15. Lawrence Louis
    March 15, 2011 at 2:55 pm

    Robb,

    Thank you so much for addressing my question about the interview Dr.Oz conducted with Gary Taubes. I was so flattered that you moved my question up to the top of the list. I hope you will forgive me for referring to you as Scott. I am a big fan of yours and I feel so bad for having switched your name with Scott. I was writing to a friend on another blog, and I must have had his name on my mind when I was typing out my question to you. You and Greg did a superb response. Thanks again ROBB (see I got it right this time)!

    Sincerely,

    Lawrence Louis

  16. Wayne
    March 15, 2011 at 3:20 pm

    Good podcast. Looking forward to hearing Kurt Harris, should ruffle some feathers. :)

    How about having Stephan Guyenet someday?

  17. Chris
    March 15, 2011 at 3:31 pm

    I thought you were planning to have Kurt Harris on the show soon. You are a PaNu tease!

  18. Tane
    March 15, 2011 at 3:44 pm

    Dear Robb and New Andy,
    I know that you guys are American, live in America and that the majority of the podcast listeners are also American (i.e. 4 out of the 6) but for those of us who are not from the USA or living there, could you perhaps give a quick bit of guidance about who the individuals concerned are at the beginning of answers. As I was glued to the podcast and did not want to interrupt the magic, I didn’t look up Dr. Oz until afterwards. Therefore, I spent the entirety of the answer to Question 1 thinking that Dr. Oz was the big, bald dude with the moustache and the Southern accent who does therapy on TV. It turns out that that is actually Dr. Phil.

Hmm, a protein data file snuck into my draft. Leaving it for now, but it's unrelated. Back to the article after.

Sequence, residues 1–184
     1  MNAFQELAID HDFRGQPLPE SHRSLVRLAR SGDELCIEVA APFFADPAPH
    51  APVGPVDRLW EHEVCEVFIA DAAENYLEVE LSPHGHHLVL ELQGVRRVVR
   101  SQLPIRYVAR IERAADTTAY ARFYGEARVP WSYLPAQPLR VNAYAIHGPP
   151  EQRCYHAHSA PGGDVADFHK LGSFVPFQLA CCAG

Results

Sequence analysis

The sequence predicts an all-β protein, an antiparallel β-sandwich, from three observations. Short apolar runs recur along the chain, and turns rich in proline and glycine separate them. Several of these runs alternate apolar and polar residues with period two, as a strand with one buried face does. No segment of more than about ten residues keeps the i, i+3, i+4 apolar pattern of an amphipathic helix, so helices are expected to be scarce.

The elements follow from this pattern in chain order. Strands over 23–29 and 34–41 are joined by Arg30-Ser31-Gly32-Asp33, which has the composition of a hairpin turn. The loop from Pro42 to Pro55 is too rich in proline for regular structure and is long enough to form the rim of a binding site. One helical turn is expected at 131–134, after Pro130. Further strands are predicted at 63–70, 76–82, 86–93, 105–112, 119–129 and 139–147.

Also, now that I have educated myself on US TV Doctors, am I right that the Dr. Oz who is a heart surgeon and expressed concerns about Gary Taubes dietary ideas, is the same chap who “interviews” people who claim to be able to talk to the dead?
    Yours in Jacked Rippedness,
    Tane

  19. Jimmy Moore
    March 15, 2011 at 4:05 pm

    I just did a half-hour interview with Gary Taubes about what really happened behind-the-scenes of his appearance on “The Dr. Oz Show” last week. There’s a lot more to the story than people realize. I’ll share it on my “Livin’ La Vida Low-Carb Show” (http://www.thelivinlowcarbshow.com/shownotes) at the beginning of my podcast on Thursday, March 17, 2011. Check it out and listen to Gary share the full scoop on it!

  20. Cord
    March 15, 2011 at 5:11 pm

    Please don’t ever make it into an arguing-type show! I can’t stand those, I love your podcast, and I’d hate to have to stop listening.

    • Robb Wolf
      March 15, 2011 at 6:52 pm

      My thoughts exactly…there is enough of that crap around and it never convinces anyone.

  21. Keith
    March 15, 2011 at 6:15 pm

    Dr. Oz interviewed Gary Taubes on his radio program in February.